One of the frustrations of writing is that it is so wasteful. If writing a novel is like firing up a generator, it is in my case a most inefficient machine. I generate many words, but these alone are not enough. Words do not create a book.
A few years ago I might have been tempted to say that characters create a novel. It is true that without believable characters, many novels would fall flat. The characters in a novel are the actors in a film. Without character there is no point to action. But a good character alone is not enough to make a book sing.
Themes and ideas are important, but a self-conscious novel of ideas does not invite curling up by the fire on a chilly November night. When the evenings draw in my literary taste buds want something rich and concentrated. All summer I have flitted through nature writing, alighting on descriptions of woodland, river and seascape. I now want to retreat inside, close the curtains, light candles and read more deeply.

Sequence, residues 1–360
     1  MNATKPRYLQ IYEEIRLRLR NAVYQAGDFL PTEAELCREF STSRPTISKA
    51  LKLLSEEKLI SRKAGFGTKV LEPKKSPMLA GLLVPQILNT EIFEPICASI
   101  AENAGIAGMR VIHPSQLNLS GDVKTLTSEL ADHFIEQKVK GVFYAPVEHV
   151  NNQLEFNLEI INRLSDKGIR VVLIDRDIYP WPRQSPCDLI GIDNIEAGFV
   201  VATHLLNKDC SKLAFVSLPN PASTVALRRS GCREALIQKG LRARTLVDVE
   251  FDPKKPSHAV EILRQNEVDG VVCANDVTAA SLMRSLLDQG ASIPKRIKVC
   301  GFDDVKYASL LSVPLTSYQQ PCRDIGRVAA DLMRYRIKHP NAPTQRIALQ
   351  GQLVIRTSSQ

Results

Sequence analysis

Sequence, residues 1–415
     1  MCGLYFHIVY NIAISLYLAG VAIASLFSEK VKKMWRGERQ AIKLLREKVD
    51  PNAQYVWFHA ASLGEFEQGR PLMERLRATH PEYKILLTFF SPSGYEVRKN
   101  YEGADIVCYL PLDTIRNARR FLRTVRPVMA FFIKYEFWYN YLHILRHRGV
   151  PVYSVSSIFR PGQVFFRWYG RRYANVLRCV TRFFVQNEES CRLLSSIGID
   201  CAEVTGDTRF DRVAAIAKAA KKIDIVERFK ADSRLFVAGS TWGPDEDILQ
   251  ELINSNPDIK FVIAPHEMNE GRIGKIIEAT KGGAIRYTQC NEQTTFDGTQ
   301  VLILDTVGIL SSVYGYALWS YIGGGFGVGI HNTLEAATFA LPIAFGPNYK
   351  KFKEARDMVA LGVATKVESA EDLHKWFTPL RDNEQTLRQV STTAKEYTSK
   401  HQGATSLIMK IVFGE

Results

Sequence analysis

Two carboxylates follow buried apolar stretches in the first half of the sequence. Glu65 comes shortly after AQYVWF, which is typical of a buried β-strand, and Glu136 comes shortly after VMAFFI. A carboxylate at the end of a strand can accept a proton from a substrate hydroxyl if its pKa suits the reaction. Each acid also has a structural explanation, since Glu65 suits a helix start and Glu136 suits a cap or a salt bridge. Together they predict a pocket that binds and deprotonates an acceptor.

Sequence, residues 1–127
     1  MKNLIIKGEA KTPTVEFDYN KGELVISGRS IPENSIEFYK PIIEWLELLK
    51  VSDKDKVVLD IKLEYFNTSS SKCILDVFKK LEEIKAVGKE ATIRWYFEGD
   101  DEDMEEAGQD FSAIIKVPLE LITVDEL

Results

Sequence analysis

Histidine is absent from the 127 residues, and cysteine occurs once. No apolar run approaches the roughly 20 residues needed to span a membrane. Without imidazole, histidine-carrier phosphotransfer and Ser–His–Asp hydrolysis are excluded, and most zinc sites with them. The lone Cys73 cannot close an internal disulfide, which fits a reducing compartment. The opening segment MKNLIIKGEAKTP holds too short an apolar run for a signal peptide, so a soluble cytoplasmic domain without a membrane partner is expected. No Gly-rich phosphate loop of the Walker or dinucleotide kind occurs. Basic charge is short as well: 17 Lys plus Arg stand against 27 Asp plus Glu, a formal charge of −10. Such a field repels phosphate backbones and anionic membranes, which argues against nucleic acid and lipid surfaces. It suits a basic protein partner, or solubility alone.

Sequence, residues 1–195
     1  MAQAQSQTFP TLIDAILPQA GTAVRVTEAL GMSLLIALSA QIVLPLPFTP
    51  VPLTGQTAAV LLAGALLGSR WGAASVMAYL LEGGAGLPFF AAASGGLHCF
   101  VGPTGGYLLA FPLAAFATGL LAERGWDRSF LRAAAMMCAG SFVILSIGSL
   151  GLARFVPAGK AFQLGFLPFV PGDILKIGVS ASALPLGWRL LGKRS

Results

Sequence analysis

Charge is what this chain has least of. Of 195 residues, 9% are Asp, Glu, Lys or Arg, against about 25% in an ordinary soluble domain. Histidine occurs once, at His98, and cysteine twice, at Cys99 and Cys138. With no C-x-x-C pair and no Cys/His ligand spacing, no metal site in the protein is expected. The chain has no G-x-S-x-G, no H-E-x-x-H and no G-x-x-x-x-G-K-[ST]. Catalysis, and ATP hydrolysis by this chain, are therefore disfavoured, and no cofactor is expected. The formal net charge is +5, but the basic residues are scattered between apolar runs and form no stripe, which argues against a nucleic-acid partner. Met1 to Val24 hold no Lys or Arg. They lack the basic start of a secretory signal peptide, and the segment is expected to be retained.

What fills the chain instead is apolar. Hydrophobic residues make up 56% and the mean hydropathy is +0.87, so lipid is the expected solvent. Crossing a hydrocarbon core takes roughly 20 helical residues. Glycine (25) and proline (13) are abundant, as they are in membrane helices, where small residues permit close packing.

My winter reading nourishes me and feeds my writing. I’ve found, though, that I’m impatient with many contemporary novels. Perhaps it’s because I know too much – I have insider knowledge – and the magic is lost. While researching the Beautiful Truth I relied on memoir and wanted to create the effect of reading fiction that felt as natural as a journal.
I tried out many ideas. I thought of including diary entries, letter extracts, screenplay notes, but these techniques felt tricksy and attention-seeking. I wanted nothing to detract from the power of the events described. In the final edit I cut thousands of words. Some of the excised passages I had worked on for days. Weeks. I cut and pasted these wasted words into a document that grew each day like a ghost novel. One day I might go back and do something with it, but I doubt it. Offcuts often prove disappointing. I know this from baking.
One thing I learned is that it takes courage to peel off all the insulating layers and reveal the heart of what I write. Clinging to words because I happened to write them is the real waste.